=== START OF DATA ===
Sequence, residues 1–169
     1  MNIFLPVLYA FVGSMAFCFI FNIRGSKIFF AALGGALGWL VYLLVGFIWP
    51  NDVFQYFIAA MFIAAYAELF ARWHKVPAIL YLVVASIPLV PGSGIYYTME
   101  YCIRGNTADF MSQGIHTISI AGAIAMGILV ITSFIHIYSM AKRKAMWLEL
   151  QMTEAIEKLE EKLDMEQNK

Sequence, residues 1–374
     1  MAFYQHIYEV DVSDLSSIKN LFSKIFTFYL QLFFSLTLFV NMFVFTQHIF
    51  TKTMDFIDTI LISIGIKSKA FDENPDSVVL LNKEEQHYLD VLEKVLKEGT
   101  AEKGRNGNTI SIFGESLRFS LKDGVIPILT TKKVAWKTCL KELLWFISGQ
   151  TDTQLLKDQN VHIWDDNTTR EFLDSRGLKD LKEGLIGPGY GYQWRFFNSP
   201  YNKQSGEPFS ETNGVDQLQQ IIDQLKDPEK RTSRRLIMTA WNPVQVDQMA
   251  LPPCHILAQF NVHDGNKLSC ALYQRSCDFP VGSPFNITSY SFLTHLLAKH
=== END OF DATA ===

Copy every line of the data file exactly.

Sequence, residues 1–169
     1  MNIFLPVLYA FVGSMAFCFI FNIRGSKIFF AALGGALGWL VYLLVGFIWP
    51  NDVFQYFIAA MFIAAYAELF ARWHKVPAIL YLVVASIPLV PGSGIYYTME
   101  YCIRGNTADF MSQGIHTISI AGAIAMGILV ITSFIHIYSM AKRKAMWLEL
   151  QMTEAIEKLE EKLDMEQNK

Sequence, residues 1–374
     1  MAFYQHIYEV DVSDLSSIKN LFSKIFTFYL QLFFSLTLFV NMFVFTQHIF
    51  TKTMDFIDTI LISIGIKSKA FDENPDSVVL LNKEEQHYLD VLEKVLKEGT
   101  AEKGRNGNTI SIFGESLRFS LKDGVIPILT TKKVAWKTCL KELLWFISGQ
   151  TDTQLLKDQN VHIWDDNTTR EFLDSRGLKD LKEGLIGPGY GYQWRFFNSP
   201  YNKQSGEPFS ETNGVDQLQQ IIDQLKDPEK RTSRRLIMTA WNPVQVDQMA
   251  LPPCHILAQF NVHDGNKLSC ALYQRSCDFP VGSPFNITSY SFLTHLLAKH